I think I personally am unadvertisable to. I don’t mind ads if they’re not flashing, blinking or moving… i.e. static ads. But they have no effect on me, and I can easily ignore them. I am probably not alone, so this is why they have to up the ante to have all the annoying flashing and blinking and video. The thing is, those sorts of ads just make me angry, and likely to apply blocking, and if that doesn’t work, to leave the site and never go back. Leo’s host read ads have a little more chance with me, but I am very adept at tuning them out (bathroom break, etc) or skipping past them.

I make fun of ads on TV when I see them, and the more they repeat, the more I make fun of them. To me, it’s almost always a thought process of what is wrong with the product that they have to try this hard to sell it to someone. There’s almost always an obvious flaw that the advertisement is trying to wallpaper over.

I think the entire concept of advertising is a fraud. The better solution would be for the product companies to spend that money on sending out product to reviewers. I think that the whole industry based on advertising needs a reform. YouTube is hailed for allowing anyone to make content, but most of it is horrible crap clickbait with no redeeming value. If YouTube didn’t advertise and people could honestly rate content as clickbait when it showed up, it would quickly die off. Make the content and sell it for a reasonable markup over what it cost to make, and allow the distributors to charge a reasonable markup to make it available. People will choose what they want to see and the content that probably never should have been produced in the first place will eventually fail by the wayside.

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Regarding Google’s troubles with the Competition Commission in Europe and why Apple isn’t also being investigated, Google had a monopoly on search (>90% market share) and smartphones (>80% market share), Apple is not in search and had under 20% market share in Europe at the time of the investigation, so they were not covered.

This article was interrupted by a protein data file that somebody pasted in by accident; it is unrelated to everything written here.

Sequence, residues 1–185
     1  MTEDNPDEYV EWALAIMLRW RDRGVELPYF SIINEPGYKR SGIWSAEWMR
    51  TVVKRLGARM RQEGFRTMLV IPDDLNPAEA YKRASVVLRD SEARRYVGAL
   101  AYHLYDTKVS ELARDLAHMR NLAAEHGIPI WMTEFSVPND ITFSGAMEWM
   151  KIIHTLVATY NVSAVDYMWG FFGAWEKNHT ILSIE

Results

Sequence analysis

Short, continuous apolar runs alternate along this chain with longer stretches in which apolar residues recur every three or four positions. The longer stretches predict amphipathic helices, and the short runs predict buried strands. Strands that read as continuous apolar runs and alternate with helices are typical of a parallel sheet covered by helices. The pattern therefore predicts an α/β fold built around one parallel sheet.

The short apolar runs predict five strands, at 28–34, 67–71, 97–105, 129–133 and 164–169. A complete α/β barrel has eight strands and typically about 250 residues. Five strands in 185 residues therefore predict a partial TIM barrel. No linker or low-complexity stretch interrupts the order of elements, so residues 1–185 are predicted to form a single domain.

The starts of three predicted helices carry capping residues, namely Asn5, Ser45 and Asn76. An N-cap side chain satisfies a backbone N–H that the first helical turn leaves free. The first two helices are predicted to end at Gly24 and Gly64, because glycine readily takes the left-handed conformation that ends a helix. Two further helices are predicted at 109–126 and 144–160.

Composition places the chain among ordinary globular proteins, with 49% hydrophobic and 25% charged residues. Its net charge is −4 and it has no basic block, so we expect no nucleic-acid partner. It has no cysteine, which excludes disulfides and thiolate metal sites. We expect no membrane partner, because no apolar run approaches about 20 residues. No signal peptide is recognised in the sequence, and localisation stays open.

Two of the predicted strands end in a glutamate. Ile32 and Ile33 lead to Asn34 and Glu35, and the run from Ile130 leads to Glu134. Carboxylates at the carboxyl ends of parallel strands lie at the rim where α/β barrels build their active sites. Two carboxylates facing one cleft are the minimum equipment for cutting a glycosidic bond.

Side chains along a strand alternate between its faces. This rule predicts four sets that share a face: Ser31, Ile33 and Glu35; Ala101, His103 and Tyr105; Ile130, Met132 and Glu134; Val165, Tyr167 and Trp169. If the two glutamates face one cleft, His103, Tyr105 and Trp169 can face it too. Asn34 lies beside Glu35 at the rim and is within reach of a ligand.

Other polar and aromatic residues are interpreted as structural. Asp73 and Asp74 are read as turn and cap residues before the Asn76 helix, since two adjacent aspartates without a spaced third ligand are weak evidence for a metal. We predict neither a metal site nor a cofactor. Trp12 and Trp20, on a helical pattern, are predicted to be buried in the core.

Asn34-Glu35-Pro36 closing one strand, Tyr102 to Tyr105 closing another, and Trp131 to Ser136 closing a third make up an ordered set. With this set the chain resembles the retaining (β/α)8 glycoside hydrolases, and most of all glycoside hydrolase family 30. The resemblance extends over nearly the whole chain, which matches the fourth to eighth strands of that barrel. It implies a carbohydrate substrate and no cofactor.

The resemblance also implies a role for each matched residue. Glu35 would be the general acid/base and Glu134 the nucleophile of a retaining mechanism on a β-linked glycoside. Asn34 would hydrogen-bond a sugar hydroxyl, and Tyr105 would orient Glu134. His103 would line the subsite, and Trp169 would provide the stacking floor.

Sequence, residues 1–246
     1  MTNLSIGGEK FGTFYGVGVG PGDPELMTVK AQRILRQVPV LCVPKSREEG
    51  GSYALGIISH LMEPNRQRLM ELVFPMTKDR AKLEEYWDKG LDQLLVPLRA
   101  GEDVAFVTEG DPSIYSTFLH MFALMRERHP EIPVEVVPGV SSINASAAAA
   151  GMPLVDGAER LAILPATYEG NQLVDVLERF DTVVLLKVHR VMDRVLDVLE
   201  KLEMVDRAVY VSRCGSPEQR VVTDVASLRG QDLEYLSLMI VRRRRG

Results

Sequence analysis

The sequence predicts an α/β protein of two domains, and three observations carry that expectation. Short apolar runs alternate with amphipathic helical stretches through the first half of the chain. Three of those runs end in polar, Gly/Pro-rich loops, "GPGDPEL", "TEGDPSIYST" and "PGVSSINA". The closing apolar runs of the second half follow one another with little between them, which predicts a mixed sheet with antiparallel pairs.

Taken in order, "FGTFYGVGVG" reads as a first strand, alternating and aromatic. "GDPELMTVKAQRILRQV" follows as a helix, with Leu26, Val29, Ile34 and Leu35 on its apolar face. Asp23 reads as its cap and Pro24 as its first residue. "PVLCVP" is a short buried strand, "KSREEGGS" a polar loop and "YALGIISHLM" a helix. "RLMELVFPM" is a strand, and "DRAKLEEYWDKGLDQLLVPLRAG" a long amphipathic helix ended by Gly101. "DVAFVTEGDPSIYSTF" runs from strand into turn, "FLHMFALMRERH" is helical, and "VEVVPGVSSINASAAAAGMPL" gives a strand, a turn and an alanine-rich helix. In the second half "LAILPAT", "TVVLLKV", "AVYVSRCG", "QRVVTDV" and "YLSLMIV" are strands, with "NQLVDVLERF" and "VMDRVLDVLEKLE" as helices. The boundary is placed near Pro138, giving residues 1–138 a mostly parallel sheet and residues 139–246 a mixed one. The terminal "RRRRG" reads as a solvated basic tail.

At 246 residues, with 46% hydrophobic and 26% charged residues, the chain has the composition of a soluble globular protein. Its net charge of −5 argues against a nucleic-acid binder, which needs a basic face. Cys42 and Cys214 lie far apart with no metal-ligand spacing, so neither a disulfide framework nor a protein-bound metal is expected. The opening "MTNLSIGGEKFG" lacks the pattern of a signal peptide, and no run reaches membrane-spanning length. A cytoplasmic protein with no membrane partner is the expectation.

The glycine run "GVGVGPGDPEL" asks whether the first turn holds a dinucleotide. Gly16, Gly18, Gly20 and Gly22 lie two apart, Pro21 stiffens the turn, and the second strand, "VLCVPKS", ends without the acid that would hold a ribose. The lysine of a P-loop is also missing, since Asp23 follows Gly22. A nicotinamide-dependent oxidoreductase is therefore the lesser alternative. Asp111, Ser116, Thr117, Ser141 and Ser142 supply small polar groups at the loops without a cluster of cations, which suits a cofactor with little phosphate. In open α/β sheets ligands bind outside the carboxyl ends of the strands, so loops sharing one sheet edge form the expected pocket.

On the other hand, Google was leveraging its position in search to bolster ads, its position in Android to bolster search etc.

With respect to Mike, the EU Competition Commission is about user choice, it is about ensuring that companies don’t unfairly squeeze competitors out of the market and limit choice for the consumer.

It is funny, he says that the US is about the consumers and the EU is about other businesses, in Europe, we say that the EU is about consumers and the US is about protecting big business… :smiley:

Regarding sound in films & TV, I have noticed this, mainly because I watch mainly dubbed TV and films in German. When Foundation came out on Apple TV+, @Leo was complaining that the voices were hard to understand. In German, it was crystal clear. I switched to the original English soundtrack and, sure enough, the voices were subdued and throttled by environmental sounds.

I think in the dubbing, the audio engineers hold a high value on the speech being actually audible and clear enough to understand. I’ve since seen it in some other films and TV series. The German dubbed versions are actually often much clearer than the original soundtrack and make the program much more understandable.

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Big thumbs up from me with Apple pushing carriers to use eSIMS. Just hope the same happens outside of the US.

I’ve now lost my US roaming deal from my UK carrier. Brexit meant roaming in the EU went, and they took the opportunity to get rid of US roaming too :-1:t2:

So for my last couple of trips there I’ve just bought a 2-week unlimited data eSIM that’s so much easier. No fiddling with SIM trays, phone cases etc. Just arrives in your email and you enable it on day 1 of your trip.